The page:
An Interview with Dave Dempsey author of “The Heart of the Lakes”

The Rapids where Lake Huron enters the St. Clair River, ca. 1900-1925 (LAC MIKAN no.3336384)

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NiCHE editor Daniel Macfarlane recently interviewed Dave Dempsey about his new book titled “The Heart of the Lakes”.

DM: Can you briefly tell the reader what your book is about?

It’s a story about water and its role in the development, decline and recovery of a specific place, the water-dependent corridor of Michigan that spans two straits and Lake St. Clair.  I tell the story not in a linear, historical fashion but as the water flows, from Lake Huron to Lake Erie.

DM: Why did you choose “water” as the lens through which to explore the history of this region? What can a focus on water tell us about history?

To a great extent, how a society treats water reveals its character, even its soul. Water is essential to life, and if we treat it with neglect or abuse, we’re abusing ourselves.  In a region where water is naturally abundant, that is doubly true.  Water is an excellent prism through which to view history.


DM: The Detroit River, Lake St. Clair, and St. Clair River are all international border waters – how has this affected their history? Has being a border led to better environmental protection, or worse?

I think this has evolved over time.  For a century, the U.S. and Canada treated boundary waters as a pie sliced in two pieces, one for me and one for you.  At that point domestic waters received more government attention, although far from enough. Since the signing of the Boundary Waters Treaty of 1909, these waters and others along the U.S.-Canadian border have received a growing amount of binational attention, particularly as ecosystem thinking took hold in the 1970s.  The two nations and tribes and First Nations truly do regard them as shared waters now.   Of course, they and we still have a way to go to achieve a full recovery of this corridor as well as the Great Lakes as a whole.

DM: Do you think Americans and Canadians view these three border waters differently? 

Not as much as they used to, but it’s true that they value them sometimes for different reasons. The most notable difference in the corridor is on the upper reaches of the St. Clair River, adjacent to what’s called Ontario’s Chemical Valley.  On the Canadian side is a job-intensive industry with a checkered pollution history. On the U.S. side are a number of public drinking water supplies that have suffered from spills on the Canadian side. In recent decades there’s been more communication and cooperation across the boundary, but more could be done.

DM: What are the challenges and opportunities that come with writing history for a general audience?

The main challenge is restraining my urge to wade into the arcana of environmental history. The level of mercury in the Detroit River in parts per million in 1970 may fascinate me, but it’s unlikely to have a similar significance to a reader.  So writing history for a general audience is good discipline; it requires a writer to think more deeply about what matters and what doesn’t.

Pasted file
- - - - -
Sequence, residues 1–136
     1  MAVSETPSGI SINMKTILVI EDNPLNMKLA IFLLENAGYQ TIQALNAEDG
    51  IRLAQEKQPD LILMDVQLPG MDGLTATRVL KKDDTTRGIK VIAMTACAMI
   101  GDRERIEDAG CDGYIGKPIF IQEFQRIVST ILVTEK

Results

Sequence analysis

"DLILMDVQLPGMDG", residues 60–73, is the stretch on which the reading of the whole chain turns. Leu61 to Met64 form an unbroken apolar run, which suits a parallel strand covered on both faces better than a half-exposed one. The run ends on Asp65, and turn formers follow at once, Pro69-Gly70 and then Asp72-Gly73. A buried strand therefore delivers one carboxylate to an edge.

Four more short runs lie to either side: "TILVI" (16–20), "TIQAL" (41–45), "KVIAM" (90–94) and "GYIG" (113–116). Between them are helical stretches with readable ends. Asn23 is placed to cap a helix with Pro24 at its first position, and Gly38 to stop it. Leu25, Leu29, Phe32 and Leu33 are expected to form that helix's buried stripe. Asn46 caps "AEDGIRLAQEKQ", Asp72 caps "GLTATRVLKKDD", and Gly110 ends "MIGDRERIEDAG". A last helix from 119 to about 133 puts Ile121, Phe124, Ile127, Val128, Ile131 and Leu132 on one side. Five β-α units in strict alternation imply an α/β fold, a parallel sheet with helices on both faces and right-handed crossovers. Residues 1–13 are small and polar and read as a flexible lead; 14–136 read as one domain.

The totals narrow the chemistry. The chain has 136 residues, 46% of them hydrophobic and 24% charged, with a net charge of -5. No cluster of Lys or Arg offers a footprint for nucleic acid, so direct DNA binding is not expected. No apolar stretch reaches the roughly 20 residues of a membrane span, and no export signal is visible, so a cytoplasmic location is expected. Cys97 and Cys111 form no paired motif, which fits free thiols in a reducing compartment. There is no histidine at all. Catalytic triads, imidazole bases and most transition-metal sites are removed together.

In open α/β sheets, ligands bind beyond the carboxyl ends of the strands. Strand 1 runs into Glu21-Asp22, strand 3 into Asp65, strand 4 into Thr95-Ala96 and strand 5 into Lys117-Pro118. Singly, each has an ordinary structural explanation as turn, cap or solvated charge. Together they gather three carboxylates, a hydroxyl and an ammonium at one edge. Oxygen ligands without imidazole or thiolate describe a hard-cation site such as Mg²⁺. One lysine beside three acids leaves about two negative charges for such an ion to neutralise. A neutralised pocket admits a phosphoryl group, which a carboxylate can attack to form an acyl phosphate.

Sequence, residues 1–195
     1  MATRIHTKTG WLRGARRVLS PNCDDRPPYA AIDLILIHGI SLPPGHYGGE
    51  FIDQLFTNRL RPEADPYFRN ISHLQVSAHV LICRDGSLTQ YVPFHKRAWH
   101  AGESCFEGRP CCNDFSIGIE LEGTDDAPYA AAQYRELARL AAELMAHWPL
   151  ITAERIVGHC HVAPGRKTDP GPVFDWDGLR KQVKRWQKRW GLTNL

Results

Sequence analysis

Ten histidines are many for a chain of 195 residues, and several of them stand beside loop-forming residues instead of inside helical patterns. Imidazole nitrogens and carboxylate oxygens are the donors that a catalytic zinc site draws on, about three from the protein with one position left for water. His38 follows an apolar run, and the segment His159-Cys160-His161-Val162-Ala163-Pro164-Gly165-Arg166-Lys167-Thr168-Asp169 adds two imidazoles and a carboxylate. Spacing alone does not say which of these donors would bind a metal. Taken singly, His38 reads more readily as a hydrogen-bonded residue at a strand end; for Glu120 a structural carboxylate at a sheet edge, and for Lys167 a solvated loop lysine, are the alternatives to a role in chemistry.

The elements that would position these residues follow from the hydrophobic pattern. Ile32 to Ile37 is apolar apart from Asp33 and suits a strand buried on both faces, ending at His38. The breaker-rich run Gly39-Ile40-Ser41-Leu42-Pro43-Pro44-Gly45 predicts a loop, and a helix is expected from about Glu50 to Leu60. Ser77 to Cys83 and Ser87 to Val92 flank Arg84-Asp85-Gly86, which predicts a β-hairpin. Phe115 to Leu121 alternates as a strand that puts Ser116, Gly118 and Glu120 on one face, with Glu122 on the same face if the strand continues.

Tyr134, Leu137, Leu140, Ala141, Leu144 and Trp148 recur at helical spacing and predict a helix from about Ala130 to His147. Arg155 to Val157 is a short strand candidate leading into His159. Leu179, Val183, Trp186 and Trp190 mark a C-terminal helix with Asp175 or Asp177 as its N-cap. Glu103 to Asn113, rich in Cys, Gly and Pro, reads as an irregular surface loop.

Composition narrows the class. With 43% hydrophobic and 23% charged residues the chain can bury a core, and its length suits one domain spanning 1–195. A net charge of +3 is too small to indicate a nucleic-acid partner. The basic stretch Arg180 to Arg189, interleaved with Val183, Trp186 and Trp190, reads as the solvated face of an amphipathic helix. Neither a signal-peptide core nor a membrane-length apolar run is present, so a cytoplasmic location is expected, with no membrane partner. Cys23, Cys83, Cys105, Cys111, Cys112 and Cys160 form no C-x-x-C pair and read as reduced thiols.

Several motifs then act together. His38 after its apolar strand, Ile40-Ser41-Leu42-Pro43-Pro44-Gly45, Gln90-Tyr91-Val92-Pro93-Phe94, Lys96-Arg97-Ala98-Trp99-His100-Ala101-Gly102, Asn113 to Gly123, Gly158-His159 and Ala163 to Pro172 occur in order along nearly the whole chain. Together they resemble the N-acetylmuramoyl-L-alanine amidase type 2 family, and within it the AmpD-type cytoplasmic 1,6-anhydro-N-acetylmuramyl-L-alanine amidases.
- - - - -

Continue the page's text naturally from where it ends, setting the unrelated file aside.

DM: What did you learn that surprised you while making this book?

That things are better in this corridor than I realized.  Big problems persist but we’ve come a long way.  A century ago these waters were treated as an open sewer. Now we’re seeing a recovery of fish and wildlife and a return to enjoying and protecting these waters. People are catching edible fish, swimming in these waters, and celebrating. It’s refreshing.  I’ve spent most of my career hearing about environmental risk and damage.  A good news story renews my hope.

What makes you most optimistic about the future of Detroit-St. Clair water corridor? What worries you the most? Is there a sustainable future in store for the geographic region covered in this book?

My optimism chiefly comes from my increased awareness, as a result of writing the book, about the many people and institutions working together to restore this corridor. The Community Foundation of Southeast Michigan, municipal, state and federal governments, and most of all concerned citizens.  Human energy and will is the closest thing to an inexhaustible resource that we’ll ever see.  Not surprisingly for someone who has spent a career around government, my chief worry is that special interests will once again buy off politicians and reverse this progress.

As for a sustainable future, we can get there if we can agree on a definition.  Right now the term means something to a relative view.  We have to communicate, educate and listen better to avoid squandering the gains we’ve made. 

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Daniel is an Associate Professor in the Institute of the Environment and Sustainability at Western Michigan University. He is co-editor of The Otter-La loutre and is a member of the NiCHE executive board. A transnational environmental historian who focuses on Canadian-American border waters, particularly in the Great Lakes-St. Lawrence basin, Daniel is the author of "Negotiating a River: Canada, the US, and the Creation of the St. Lawrence Seaway" and co-editor of "Border Flows: A Century of the Canadian-American Water Relationship" and "The First Century of the International Joint Commission." He is completing a book on Niagara Falls (expected publication in 2020), and his in-progress research projects include Canada-US environmental diplomacy and a co-authored book on the environmental history of Lake Ontario. Website: https://danielmacfarlane.wordpress.com Twitter: @Danny__Mac__

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